For BECCS, the IPCC reports an average technical potential of 5.9GtCO2 per year. Yet we find that deploying more than 1.2GtCO2 of BECCS per year would tip over from “low risk” into “medium” or higher risk levels.

(This figure is based on BECCS plants capturing a “medium” share of their associated CO2 emissions, below 70%. For a “low” capture rate below 50%, the low-risk threshold drops to just 0.7GtCO2 per year.)

Correspondingly, BECCS would cross the high sustainability risk threshold (shown in red) if used to remove 1.3GtCO2 with a low capture rate – or 2.8GtCO2 with a medium rate.

Even these limited levels of BECCS assume significant bioenergy policy reforms that governments have not yet addressed. These include addressing gaps in emissions accounting and ensuring bioenergy is not causing deforestation, either directly or indirectly.  

For A/R, the IPCC average technical potential is 3.9GtCO2 a year. Our research shows that associated sustainability risks remain low or medium below 3.8GtCO2 per year, with high risks beyond that point. 

We find that nature-based CDR (which includes limited reforestation) carries the lowest sustainability risks. Deployment would trigger high risks beyond 5.1GtCO2 a year (including 3.8GtCO2 per year of non-monoculture reforestation).

Having defined risk levels for each type of CDR, we then mapped those indicators onto the amount of CDR deployed in each of the IPCC’s five “illustrative mitigation pathways” (IMPs).
(These pathways are: gradual strengthening of climate policy, GS; widespread use of CDR, Neg; low energy demand, LD; shifting pathways towards sustainable development, SP; and heavy use of renewables, Ren.)

Our results, illustrated in the table below, show that the three pathways that limit warming to 1.5C with limited to no overshoot are able to do so without greatly overstepping our sustainability risk thresholds.

In contrast, Neg limits warming in 2100 to 1.5C with high temperature overshoot, but exceeds high and even very high sustainability risk thresholds. The GS pathway only limits warming to 2C and still carries significant levels of sustainability risks.

Reading the table from top to bottom, the first set of rows list the change in CO2 emissions, energy demand and fossil fuel use in 2050 and 2100.

The second set of rows show the amount of each type of CDR deployed in 2050 and 2100, colour-coded according to our sustainability risk levels.

The third set of rows show the amount of land needed for CDR deployment – the land footprint. Again, these are colour-coded according to our sustainability risk levels.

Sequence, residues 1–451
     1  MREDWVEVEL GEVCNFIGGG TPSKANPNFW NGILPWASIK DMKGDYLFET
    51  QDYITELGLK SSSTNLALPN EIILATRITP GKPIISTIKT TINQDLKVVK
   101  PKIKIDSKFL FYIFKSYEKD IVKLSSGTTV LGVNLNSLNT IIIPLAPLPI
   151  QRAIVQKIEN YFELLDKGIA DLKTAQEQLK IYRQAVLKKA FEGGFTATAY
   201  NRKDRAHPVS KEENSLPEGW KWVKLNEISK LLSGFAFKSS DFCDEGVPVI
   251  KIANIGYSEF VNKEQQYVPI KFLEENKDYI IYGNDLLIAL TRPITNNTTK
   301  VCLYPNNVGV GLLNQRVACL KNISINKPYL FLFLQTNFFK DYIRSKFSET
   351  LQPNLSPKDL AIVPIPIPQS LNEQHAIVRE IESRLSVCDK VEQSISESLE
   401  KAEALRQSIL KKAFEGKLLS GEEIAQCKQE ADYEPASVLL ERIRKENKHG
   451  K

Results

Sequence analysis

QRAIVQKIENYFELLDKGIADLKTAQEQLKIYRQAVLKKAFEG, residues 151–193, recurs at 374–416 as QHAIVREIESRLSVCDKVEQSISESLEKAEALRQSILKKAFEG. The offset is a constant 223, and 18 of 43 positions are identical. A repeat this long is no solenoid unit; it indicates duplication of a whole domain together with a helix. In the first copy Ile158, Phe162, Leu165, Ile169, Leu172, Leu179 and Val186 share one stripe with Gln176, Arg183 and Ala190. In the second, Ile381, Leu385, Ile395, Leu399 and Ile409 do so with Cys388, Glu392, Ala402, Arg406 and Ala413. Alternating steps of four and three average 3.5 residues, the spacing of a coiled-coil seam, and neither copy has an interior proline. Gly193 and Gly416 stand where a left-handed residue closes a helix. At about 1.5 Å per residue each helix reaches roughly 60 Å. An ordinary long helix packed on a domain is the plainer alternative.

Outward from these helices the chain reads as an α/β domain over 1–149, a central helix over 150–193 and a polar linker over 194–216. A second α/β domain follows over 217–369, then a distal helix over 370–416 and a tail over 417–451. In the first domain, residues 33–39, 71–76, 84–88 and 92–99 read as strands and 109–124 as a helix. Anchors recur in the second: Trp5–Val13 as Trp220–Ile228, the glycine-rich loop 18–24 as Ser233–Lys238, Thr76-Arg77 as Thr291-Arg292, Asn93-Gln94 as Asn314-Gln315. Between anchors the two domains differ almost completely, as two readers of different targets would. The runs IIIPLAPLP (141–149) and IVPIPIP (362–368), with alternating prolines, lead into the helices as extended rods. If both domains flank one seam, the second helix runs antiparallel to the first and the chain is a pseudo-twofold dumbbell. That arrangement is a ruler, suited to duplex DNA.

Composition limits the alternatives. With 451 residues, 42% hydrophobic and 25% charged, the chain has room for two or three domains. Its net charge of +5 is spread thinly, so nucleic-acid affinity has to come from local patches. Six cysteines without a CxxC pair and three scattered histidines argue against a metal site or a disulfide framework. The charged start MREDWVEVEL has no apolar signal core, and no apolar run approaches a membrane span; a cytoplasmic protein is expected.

CDR removal GP Table
CO2 emissions and energy, as well as CDR from sequestration and the land footprint of CDR use across IPCC’s five illustrative mitigation pathways, IMP-GS, IMP-Neg, IMP-LD, IMP-SP and IMP-Ren. Credit: Deprez et al.

Notably, our findings show that the amount of land needed for CDR in the Neg pathway could reach 7.2m square kilometres in 2050 and 13.3m square kilometres in 2100. For comparison, the land area of the US is just 9.1m square kilometres.

Risk assessment

Our findings suggest there is an urgent need to consider sustainability risks when choosing between different mitigation pathways.

One way to do this would be to define a “sustainable CDR budget”, as the amount of CDR that could be deployed sustainably across all CDR methods.

While our research only considered land-based CDR, alternative CDR options are also likely to come with sustainability and deployment risks, which could limit their potential. These include direct air carbon capture and storage (DACCS) or ocean-based CDR.

Another option would be for scientists to identify Paris-aligned scenarios that do not overstep sustainability limits. Our research suggests that this could be a key priority for the IPCC’s seventh assessment cycle, as well as integrating environmental risks and feasibility throughout the IPCC’s work.

Moreover, our findings suggest that delaying fossil fuel cuts, in the hope that emissions can be drawn down later this century using CDR, would come with high sustainability risks.

If, on the other hand, countries wish to account for biodiversity considerations alongside climate goals, while still limiting temperatures to 1.5C, then they would need to follow a mitigation pathway with more rapid cuts in fossil fuel use, our research suggests.

Many of these pathways include behaviour changes and reductions in energy demand.

Countries could take up our findings in their next nationally-determined contributions (NDCs) under the Paris Agreement, due in 2025. For example, they could address sustainability risks by setting separate, transparent targets for CDR, in addition to headline emissions goals.

They could also aim to limit their reliance on CDR – and its corresponding land footprint – in order to avoid climate actions that have negative consequences for their national biodiversity plans under the global biodiversity framework (NBSAPs).